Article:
Savor the Small Things: The Quick Activity that Increases Positive Emotions, Engagement and Meaning
“There is nothing good or bad, but thinking makes it so”
In these words, spoken in Act II of Hamlet, William Shakespeare captures one of the most powerful, important and frustrating paradoxes of human nature: so much of the quality of our life lies in the way that we interpret it, and yet we are not naturally inclined to interpret events in a way that serves us. Life unfolds swiftly and relentlessly, passing with little regard for what we profess to want and need. We are so likely to be caught up in its passage that we often forget to pause and focus on the many small, beautiful moments that exist: as humble as the way that the light falls in the early morning, or as profound as the way your child nestles in your arms. Positive psychology has developed the intervention of savoring to help us learn how to better focus our attention so that we might bring these positive events into our consciousness. While none of us are able to slow down time, we can all choose to savor: a process that can help us to slow down our experience and interpretation of positive events, building glistening memories, cultivating ebullient feeling, and appreciating what is rather than longing for what might be.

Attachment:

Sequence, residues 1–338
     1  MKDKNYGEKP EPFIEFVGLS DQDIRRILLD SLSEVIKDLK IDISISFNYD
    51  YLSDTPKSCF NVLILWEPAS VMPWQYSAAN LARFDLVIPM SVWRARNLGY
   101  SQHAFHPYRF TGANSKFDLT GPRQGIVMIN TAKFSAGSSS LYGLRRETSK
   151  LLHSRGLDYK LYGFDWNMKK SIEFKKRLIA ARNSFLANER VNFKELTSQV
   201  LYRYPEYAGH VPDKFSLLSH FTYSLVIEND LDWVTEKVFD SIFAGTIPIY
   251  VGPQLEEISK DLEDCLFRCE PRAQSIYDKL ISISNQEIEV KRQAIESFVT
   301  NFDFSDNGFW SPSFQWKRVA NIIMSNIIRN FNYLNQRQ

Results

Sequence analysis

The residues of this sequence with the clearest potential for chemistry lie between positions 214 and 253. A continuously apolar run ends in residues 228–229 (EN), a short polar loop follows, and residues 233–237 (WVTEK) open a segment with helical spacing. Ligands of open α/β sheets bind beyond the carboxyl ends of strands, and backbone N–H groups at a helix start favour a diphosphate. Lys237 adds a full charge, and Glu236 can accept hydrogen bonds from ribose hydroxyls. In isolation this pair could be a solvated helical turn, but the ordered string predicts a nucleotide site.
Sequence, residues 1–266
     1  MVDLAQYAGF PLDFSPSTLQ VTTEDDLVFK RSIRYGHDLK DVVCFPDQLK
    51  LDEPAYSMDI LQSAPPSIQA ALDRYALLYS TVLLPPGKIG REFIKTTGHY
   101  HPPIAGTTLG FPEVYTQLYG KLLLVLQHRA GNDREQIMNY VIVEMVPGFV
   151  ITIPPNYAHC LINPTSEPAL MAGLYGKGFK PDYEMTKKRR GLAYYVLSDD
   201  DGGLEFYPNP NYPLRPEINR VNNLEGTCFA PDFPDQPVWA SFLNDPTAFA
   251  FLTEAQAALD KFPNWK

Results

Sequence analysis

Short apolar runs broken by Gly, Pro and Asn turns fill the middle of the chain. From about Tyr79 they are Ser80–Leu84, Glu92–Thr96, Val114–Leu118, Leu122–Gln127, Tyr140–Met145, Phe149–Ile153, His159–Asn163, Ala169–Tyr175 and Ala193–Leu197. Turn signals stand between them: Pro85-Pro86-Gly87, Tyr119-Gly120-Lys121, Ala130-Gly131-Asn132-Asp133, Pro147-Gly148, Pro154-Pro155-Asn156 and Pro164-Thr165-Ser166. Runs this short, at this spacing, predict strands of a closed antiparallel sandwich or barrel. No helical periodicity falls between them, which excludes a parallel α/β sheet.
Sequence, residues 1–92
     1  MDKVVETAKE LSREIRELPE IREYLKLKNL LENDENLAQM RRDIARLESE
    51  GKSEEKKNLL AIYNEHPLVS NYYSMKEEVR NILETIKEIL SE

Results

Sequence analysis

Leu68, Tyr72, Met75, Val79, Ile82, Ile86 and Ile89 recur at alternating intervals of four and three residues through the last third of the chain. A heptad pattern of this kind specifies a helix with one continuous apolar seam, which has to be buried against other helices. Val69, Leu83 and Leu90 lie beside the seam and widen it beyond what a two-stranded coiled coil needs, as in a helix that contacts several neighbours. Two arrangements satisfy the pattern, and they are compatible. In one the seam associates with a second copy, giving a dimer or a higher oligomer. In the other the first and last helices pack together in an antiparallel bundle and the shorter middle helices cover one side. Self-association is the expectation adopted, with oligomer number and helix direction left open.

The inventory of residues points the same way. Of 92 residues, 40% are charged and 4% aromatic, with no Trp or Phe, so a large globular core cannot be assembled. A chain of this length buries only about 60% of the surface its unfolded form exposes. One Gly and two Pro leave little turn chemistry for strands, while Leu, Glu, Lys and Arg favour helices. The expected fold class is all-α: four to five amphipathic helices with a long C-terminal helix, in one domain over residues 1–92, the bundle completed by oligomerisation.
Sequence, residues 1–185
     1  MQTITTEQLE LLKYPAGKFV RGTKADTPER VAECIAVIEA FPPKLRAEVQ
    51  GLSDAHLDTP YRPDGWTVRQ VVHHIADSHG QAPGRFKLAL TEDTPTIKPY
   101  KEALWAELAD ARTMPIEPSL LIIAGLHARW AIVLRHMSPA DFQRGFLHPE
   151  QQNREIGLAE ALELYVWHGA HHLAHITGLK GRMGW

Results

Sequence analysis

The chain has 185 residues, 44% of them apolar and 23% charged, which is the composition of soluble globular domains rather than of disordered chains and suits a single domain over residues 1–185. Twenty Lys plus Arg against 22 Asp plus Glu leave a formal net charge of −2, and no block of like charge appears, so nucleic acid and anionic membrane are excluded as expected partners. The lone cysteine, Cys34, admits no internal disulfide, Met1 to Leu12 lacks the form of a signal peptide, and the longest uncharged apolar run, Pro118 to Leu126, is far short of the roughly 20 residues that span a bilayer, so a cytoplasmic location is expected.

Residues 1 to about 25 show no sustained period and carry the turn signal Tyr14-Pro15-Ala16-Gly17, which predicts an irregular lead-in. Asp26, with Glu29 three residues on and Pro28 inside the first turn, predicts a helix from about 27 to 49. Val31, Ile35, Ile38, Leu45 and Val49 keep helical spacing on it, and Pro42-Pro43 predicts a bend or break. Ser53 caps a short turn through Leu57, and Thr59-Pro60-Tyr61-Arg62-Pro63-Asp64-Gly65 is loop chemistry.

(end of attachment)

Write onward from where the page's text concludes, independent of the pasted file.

Savoring is the act of mindfully engaging in thoughts and behaviors that heighten the effect of positive events on positive feelings.
This is an act that can happen spontaneously: when we experience emotions, we tend to respond in some way, either by luxuriating further into the feeling, or by suppressing it if we feel it is inappropriate. Consider the last time that you enjoyed a truly delicious meal and the way you might have closed your eyes to focus on the flavor exploding on your tongue.
Research has shown that savoring can improve the strength of our relationship, improve our mental and physical health, and inspire greater creativity. Perhaps most importantly, savoring can help us to guard against one of our deep-seated biases about happiness: the impact bias. This is our tendency to overestimate the impact that events in the future will have upon our happiness. We believe that it is the big life events - the wedding, the new job, the new house - that will make us happy, but it is actually the small pleasures that can have the greatest impact on our well-being.